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What? Default? Where? Dollar?

What? Default? Where? Dollar?

It won’t come as a surprise to anyone that the first half of 2020 has brought, among many other things, renewed calls for the demise of the US dollar. It’s been pretty much a non-stop call for over a decade now, and longer. But this time, like all previous ones, I’m thinking: I don’t see it. I guess my first question is always: please explain why the dollar would collapse before the euro does.

For one thing, the dollar would have to collapse/default against one or more “entities”. The dollar is not like one of those highrises that collapse upon themselves. It will have to default or collapse against something(s) else. Since it is the world reserve currency, that means there would have to be a replacement reserve currency. Yes, that could also be for example gold or SDR’s, or even a basket of currencies, and something like that may happen eventually, but it doesn’t appear in the cards in the short run.

There are really only two candidates for the role, and neither looks at all fit to play it. The euro may have some ambitions in that direction, but it has far too many problems still. The yuan/renminbi certainly has such ambitions, but the Communist party refuses to let it get on stage to show what it’s got. As I recently wrote:

The main sticking point for Beijing is a conundrum it cannot solve. The CCP wants to have BOTH a global currency AND total control over that currency. It will have to choose between the two, and cannot make up its mind. So it pretends it doesn’t have to choose.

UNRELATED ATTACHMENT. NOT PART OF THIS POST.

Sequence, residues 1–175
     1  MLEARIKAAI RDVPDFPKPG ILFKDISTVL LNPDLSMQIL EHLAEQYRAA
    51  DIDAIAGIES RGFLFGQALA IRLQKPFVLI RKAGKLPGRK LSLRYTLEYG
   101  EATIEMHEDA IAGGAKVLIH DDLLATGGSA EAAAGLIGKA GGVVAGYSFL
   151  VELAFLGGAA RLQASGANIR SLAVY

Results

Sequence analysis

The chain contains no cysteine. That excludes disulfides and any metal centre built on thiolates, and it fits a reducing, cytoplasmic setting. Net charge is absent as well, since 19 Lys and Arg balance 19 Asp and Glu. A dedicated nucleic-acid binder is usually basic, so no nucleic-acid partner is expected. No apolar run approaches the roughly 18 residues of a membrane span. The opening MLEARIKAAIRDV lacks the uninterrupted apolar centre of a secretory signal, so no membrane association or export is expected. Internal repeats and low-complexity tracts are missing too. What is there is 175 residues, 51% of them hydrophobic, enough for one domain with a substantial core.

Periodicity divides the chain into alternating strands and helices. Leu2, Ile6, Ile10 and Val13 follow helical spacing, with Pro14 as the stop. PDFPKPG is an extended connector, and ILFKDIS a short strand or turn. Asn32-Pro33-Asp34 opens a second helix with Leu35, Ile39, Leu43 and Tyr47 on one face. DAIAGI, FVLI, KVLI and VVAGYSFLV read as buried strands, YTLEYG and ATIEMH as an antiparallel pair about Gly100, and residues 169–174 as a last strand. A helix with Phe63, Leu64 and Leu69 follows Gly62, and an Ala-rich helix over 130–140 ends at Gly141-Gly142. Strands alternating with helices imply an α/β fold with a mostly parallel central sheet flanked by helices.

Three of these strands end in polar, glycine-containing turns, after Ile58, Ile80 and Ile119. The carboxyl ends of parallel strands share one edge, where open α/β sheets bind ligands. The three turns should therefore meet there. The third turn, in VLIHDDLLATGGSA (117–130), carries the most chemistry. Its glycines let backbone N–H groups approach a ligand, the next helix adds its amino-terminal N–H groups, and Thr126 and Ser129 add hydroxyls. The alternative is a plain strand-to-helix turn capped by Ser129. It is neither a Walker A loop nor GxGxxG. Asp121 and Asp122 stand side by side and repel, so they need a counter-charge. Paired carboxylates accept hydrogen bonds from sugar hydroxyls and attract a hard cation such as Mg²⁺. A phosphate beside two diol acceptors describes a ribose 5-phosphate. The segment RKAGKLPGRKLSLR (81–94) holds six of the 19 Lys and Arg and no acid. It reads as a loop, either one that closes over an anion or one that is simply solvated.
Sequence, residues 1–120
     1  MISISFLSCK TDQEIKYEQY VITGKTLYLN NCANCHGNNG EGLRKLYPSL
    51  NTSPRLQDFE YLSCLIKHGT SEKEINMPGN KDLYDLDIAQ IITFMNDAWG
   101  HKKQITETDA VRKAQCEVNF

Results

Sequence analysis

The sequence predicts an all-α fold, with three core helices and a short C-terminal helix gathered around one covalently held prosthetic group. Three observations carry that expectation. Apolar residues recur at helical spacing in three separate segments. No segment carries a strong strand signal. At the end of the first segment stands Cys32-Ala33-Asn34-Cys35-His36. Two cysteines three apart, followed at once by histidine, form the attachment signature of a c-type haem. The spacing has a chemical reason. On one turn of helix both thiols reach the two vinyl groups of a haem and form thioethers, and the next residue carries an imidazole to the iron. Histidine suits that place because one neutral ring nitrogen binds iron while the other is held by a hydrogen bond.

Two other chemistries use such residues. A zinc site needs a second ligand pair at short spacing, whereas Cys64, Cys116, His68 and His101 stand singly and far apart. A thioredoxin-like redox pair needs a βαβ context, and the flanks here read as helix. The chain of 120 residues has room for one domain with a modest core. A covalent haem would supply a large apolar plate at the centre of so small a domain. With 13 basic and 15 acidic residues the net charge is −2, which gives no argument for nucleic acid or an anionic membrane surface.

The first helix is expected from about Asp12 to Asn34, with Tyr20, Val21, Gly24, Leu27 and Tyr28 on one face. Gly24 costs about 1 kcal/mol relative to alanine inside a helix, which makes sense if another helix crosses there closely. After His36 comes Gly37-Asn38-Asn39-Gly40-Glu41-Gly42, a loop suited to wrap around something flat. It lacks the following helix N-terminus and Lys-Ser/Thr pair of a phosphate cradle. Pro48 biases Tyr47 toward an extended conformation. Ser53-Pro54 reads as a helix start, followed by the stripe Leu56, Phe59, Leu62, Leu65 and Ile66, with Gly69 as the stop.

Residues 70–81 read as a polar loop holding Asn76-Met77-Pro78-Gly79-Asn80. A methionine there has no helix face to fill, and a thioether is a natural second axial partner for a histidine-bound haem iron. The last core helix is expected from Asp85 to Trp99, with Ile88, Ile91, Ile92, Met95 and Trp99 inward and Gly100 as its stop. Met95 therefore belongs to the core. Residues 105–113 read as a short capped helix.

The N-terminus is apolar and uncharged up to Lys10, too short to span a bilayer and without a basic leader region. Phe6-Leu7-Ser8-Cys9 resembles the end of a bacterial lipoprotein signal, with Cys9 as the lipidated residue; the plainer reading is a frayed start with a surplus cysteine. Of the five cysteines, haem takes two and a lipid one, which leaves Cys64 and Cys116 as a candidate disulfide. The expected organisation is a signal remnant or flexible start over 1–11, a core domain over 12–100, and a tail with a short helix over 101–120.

…click on the above link to read the rest of the article…

Presenting SocGen’s 5 Black Swans For 2016

Presenting SocGen’s 5 Black Swans For 2016

If you’re the type who likes black swans this has been the month for you.

On the political front, Portugal’s Socialists, led by Antonio Costa, formed an alliance with the Left Bloc and the Communists on the way to overthrowing the Passos Coelho government and presaging a repudiation of Berlin’s brand of fiscal rectitude. This throws the country’s austerity program into doubt and sets up not only a confrontation with the troika, but also the potential loss of access to ECB QE should a deteriorating fiscal situation prompt a DBRS downgrade.

In Spain, Catalonia is in the midst of a secession bid which, depending on Catalan political infighting and how far Rajoy wants to push things ahead of national elections set for next month, could see a fifth of Spain’s GDP separate, causing Spanish debt-to-GDP to jump by some 25%. 

As far as geopolitics goes, ISIS Sinai downed a Russian passenger plane killing all 224 people on board and then, not even two weeks later, ISIS proper waged war in the streets of Paris killing 130 people. As if those two bombshells weren’t enough, Turkey decided to shoot down a Russian fighter jet this morning.

Finally, 12 month forwards for the Saudi riyal seem to indicate that the market believes the three decade-old dollar peg is about to fall under pressure from slumping crude and falling FX reserves. BofAML calls the possibility of a Saudi depeg the “number one black swan event for the global oil market in 2016.”

And those are just the black swans that have landed in the last 30 days. 


In its latest quarterly Global Economic Outlook, SocGen takes a look at five political and economic black swans that could touch down in 2016 and also warns that “high levels of public sector debt, already overburdened monetary policy, still high debt stocks and on-going balance sheet clean ups in a number of economies leave the global economy will a low level of ammunition to deal with new shocks.”

…click on the above link to read the rest of the article…

Saudi Oil Minister Puts On Brave Face Amid Severe Headwinds: “Eventually, Economic Producers Will Prevail”

Saudi Oil Minister Puts On Brave Face Amid Severe Headwinds: “Eventually, Economic Producers Will Prevail”

As the EM world looks on helplessly while Saudi Arabia’s war with the US shale complex (and, by extension, with the Fed) serves to keep crude prices depressed putting enormous pressure on commodity currencies and accelerating emerging market outflows, the question is whether Riyadh’s SAMA piggy bank can outlast the various capital market lifelines available to America’s largely uneconomic shale drillers.